Presentation on theme: "Proton Source Task Force Directorate's Meeting Tuesday, October 5 W. Pellico."— Presentation transcript:
Proton Source Task Force Directorate's Meeting Tuesday, October 5 W. Pellico
History 2008 Department Review of Linac and Booster What systems needed immediate help Consider three issues: Spares, Manpower, Reliability Two systems stood out – Work then start to repair/replace ( No additional funding - use operational task codes – took money from spares): Booster Magnets (No Fully Tested Spare Gradient Magnet) Pre-Acc (Cockcroft Waltons – downtime and manpower concerns) February 2010 – Projections raised concerns and led to discussions with Dr. Holmes – – “OK, if I can't say 20 I will suggest going out 15 years. The current best case scenario for Project X is construction over FY “ Holmes – “So let's put together a 15 year plan …” Holmes Roger Dixon – Proton Source Charge March – Task Force report released August 17 – Can be found in Doc. Database
Required Proton Throughput Proton Numbers – Jeff Appel
Booster Cycle Rate
Draft Proton Source Task Force Charge Background: The Linac and Booster will have to supply protons to the Main Injector and to the 8-GeV physics program until Project X and its follow on is available to the physics program. It is now estimated that this is not likely to happen for at least 15 years. Meanwhile both the H - sources and the low energy Linac are becoming more difficult to maintain due to outdated electronics and the expected difficulty of acquiring spare tubes for the modulators and amplifiers. The reliability of this machine has already become an issue. Meanwhile the 8-GeV Booster is also expected to have increasing reliability issues with time just as the physics program demands better performance. To simultaneously support the 8-GeV physics program and the high energy neutrino program it will be necessary to run the Booster at 15 Hz. This requirement will necessitate a substantial upgrade of the RF power system in the Booster, in addition to improvements in the control of beam losses, shielding of the accelerator enclosures, and improved reliability. The charge to the Proton Source Task Force is: Determine the vulnerabilities of each major subsystem in the Proton Source system including the 1.The H- sources and pre-accelerators 2.The low energy drift tube Linac 3.The RF System for the low energy Linac including power amplifier tubes and other associated tubes 4.The 8-GeV Booster magnet systems 5.The 8-GeV vacuum system 6.The 8-GeV RF cavities and modulators 7.The controls and interlocks of all Proton Source systems Review the planned, but unfunded upgrades of the H- sources, the Booster RF system, and the 15Hz upgrade. 1.Identify weaknesses Identify all systems that need to be upgraded or replaced in order to maintain both high energy neutrino and 8 GeV physics programs. Suggest possible upgrades or replacement solutions while taking into account the development of Project X.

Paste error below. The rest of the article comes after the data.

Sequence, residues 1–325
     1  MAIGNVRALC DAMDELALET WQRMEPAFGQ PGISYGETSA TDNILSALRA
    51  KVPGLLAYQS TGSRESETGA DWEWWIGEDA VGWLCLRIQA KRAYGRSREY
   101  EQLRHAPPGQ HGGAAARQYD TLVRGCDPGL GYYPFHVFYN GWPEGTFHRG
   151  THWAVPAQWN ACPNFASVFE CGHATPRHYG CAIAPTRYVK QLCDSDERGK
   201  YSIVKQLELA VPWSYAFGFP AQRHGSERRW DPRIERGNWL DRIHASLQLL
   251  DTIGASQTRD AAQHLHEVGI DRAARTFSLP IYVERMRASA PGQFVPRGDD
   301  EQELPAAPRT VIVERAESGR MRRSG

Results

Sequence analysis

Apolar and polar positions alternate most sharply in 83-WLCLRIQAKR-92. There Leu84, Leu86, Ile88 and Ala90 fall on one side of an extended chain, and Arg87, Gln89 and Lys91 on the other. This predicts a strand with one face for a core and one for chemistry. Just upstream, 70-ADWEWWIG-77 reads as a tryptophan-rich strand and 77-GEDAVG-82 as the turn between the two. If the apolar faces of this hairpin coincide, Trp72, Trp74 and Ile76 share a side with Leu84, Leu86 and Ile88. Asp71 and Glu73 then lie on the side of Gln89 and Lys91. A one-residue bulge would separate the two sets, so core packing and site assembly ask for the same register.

Task Force Organization Participants The charge is broad and intended not to be limited, but rather inclusive of all systems in the Proton Source. After a period of two months, allowing for an initial investigation, several small modifications to the original charge allowed listing the names of responsible individuals along with systems identified as critical. The following task force personnel list was submitted and approved: Linac Task Force Candidates: Larry Allen (AD/PS) (Modulator) Trevor Butler (AD/PS) (Modulator) Howie Pfeffer (AD/EE) (Modulator) Al Moretti (APC) (New Low Energy) Paul Czarapata (AD/HQ) (New Low Energy) Ken Quinn (AD/PS) (High Energy Reliability) Peter Prieto (AD/Inst.) (High Energy Reliability) Mike Kucera(AD/Controls) (Linac Controls) Bob Goodwin(AD/Controls) (Linac Controls) Steve Hays (AD/EE) (Linac Power Distribution) Bob Slazyk (AD/MS/Water Group) (Linac LCW Systems) David Hixson (AD/MS/Water Group)(Linac LCW Systems) Ben Ogert (AD/MS) (Linac Vacuum) David Augustine (AD/MS) (Linac Vacuum) Booster Task Force Candidates: George Krafczyk (AD/EE)(Pulsed Systems) John Reid (AD/RF) (High Level RF systems) Jim Lackey (AD/PS) (Pulsed Systems, Magnets) Dave Augustine (AD/MS) (Vacuum System) Craig Drennan (AD/PS) (Booster LL system) Peter Kasper (AD) (Booster Shielding) Davis Hixson (AD/MS) (Booster LCW Systems) Sharon Lackey (AD/Controls) (Booster )